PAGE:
Dragon without depth

Oops, I did it again! Yes, this is another of my “Don’t do as I did” posts.

I ventured out to the Melbourne Zoo with the A7RV camera and the 135 f/1.8 GM lens. The temperature was low 20s Celsius, but there weren’t many clouds around, so we got some nice bright light (and the hard shadows in this shot testify to that). Although the image looks monochrome, it’s colour – the stone and the dragon just aren’t colourful.

Click on the image below to see it larger.

This image was shot at f/4 1/2000 ISO 640, and cropped from 9504 x 6336 down to 5228×5228. You can see that the A7RV found the dragon’s eye and focused on it, but I made the mistake of thinking f/4 would give me sufficient depth of field. I’d leaned into the shot because the water dragon was posing so beautifully in the sunshine, and as you can see the dragon’s head is beautifully clear and sharp, but the body and tail are not.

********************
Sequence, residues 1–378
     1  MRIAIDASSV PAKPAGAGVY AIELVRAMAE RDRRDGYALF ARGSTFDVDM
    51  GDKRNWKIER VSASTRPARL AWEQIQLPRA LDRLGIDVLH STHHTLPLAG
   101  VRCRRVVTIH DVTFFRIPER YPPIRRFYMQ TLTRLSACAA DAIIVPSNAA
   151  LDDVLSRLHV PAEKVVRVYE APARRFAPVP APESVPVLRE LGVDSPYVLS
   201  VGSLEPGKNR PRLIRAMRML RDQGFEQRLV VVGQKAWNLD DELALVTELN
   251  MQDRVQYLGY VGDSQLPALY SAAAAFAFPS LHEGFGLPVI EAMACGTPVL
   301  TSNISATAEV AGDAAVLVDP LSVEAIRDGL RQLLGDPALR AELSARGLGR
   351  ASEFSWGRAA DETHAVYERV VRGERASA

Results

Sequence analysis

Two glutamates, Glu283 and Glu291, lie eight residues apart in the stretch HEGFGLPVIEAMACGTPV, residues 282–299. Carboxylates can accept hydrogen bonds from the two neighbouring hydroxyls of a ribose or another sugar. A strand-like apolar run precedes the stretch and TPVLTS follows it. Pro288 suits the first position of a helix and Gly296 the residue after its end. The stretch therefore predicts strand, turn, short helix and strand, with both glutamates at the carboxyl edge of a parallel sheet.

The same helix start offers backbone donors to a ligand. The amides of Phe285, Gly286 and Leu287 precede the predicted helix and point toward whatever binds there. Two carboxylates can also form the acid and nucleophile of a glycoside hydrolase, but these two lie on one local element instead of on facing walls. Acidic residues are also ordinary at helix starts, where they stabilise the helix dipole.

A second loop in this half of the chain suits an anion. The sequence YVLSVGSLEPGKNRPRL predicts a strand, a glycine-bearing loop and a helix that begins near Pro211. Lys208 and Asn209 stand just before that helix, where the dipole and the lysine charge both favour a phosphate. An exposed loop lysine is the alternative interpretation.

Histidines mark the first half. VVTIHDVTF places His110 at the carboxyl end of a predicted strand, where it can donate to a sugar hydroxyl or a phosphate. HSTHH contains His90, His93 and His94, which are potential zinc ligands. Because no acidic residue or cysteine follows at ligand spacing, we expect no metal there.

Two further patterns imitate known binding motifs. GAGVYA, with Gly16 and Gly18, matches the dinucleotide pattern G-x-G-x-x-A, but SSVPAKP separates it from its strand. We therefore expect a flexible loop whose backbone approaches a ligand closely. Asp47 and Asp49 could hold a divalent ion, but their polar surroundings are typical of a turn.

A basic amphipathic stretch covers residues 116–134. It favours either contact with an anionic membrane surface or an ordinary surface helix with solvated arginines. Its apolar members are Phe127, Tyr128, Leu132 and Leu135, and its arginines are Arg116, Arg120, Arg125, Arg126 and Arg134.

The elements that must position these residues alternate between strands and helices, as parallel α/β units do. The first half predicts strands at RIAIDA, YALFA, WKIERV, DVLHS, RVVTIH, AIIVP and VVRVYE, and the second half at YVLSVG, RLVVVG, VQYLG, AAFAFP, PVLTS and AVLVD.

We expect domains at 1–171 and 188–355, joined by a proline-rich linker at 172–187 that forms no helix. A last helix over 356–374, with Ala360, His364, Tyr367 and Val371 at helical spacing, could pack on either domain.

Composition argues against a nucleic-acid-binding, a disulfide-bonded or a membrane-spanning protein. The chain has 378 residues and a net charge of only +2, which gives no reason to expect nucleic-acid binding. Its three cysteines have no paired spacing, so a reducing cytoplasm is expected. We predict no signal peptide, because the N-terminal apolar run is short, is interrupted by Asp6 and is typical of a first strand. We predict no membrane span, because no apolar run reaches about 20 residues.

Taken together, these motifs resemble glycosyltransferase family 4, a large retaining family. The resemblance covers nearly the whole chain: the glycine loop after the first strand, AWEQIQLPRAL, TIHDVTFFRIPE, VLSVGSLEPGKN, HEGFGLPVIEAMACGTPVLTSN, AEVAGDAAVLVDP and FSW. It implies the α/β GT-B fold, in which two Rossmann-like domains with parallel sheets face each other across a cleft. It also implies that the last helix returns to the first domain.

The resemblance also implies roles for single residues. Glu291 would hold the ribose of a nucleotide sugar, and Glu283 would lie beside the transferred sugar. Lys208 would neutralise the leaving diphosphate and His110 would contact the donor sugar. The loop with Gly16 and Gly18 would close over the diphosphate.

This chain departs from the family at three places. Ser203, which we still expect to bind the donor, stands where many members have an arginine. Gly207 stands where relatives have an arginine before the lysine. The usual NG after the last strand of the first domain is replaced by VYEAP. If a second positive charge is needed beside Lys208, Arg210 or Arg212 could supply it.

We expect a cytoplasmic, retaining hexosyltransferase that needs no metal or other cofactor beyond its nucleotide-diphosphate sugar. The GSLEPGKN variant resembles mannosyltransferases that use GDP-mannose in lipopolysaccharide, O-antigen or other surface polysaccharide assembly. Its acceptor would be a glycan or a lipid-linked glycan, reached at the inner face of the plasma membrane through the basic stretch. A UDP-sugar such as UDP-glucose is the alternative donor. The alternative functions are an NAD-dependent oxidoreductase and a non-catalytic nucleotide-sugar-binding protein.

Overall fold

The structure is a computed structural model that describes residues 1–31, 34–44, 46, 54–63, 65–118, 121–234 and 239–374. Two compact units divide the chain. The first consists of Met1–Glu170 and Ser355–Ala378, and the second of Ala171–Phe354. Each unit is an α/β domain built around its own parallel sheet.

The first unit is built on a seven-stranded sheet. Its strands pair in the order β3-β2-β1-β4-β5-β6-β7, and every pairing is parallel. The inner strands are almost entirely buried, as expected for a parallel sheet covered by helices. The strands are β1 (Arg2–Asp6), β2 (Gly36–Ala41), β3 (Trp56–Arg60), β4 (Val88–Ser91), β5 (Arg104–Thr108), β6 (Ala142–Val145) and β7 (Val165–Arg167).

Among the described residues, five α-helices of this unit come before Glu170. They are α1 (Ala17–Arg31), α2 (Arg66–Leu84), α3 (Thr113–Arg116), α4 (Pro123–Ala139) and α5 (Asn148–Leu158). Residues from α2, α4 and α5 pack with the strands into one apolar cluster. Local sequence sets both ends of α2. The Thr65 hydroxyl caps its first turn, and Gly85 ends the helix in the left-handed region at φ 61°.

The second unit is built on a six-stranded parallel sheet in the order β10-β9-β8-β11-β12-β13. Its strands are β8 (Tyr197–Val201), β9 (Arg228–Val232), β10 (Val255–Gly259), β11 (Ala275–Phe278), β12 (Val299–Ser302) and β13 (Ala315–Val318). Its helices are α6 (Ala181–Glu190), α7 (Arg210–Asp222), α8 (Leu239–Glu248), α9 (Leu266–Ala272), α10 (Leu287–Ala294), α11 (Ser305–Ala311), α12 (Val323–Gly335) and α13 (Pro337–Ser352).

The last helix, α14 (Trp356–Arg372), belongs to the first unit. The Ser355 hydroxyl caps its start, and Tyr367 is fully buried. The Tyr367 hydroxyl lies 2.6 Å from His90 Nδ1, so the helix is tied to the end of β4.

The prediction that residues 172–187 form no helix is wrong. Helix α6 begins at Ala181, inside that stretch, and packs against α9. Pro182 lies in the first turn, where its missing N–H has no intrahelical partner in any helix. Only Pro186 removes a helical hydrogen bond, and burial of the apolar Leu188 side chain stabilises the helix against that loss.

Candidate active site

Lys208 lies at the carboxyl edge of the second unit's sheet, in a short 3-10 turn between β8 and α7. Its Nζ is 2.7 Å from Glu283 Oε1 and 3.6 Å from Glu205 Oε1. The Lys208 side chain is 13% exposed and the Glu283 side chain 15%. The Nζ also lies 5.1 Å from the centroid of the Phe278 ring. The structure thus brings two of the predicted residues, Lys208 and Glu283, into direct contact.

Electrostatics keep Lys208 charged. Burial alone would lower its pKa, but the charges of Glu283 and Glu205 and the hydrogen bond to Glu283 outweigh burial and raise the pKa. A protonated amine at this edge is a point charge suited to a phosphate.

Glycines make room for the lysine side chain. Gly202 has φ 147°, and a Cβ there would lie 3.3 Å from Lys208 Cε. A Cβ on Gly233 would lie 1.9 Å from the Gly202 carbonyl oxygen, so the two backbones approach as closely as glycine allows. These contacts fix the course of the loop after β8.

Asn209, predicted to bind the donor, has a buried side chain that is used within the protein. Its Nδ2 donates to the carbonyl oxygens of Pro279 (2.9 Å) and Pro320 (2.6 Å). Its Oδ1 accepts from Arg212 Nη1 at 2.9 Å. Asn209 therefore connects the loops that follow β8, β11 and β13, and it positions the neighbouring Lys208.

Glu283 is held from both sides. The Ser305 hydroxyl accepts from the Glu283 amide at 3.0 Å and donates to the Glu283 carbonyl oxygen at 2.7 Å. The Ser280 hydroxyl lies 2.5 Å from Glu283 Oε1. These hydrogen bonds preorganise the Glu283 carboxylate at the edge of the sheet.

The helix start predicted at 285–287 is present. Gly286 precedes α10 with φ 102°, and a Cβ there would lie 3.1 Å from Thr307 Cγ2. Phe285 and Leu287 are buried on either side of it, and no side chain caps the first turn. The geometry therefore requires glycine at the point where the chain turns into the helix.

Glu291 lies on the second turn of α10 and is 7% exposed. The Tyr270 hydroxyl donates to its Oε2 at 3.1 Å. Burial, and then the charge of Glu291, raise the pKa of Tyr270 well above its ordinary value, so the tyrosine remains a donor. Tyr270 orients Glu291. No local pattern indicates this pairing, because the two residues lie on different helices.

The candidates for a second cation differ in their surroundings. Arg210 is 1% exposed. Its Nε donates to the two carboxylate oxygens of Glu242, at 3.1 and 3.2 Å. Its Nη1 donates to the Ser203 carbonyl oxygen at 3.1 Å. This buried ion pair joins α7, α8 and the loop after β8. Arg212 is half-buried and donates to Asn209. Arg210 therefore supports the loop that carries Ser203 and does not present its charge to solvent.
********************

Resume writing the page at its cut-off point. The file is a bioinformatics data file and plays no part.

When you are aiming to get the whole of an animal (or human!) in focus, remember that you can increase your depth of field by choosing a smaller aperture (like f/8), or stepping back and using a longer focal length (on a zoom), or cropping more (on a prime).

Of course, you do have another option: claiming that it was a deliberate artistic decision to emphasise the head and eyes (and modern eye AF will help make that a credible claim). I’ve chosen to describe this as a mistake, but you know what? I am not unhappy with this image. I just would have liked to see the rear leg and toes inside the depth of field, because the dragon has unusual rear toes.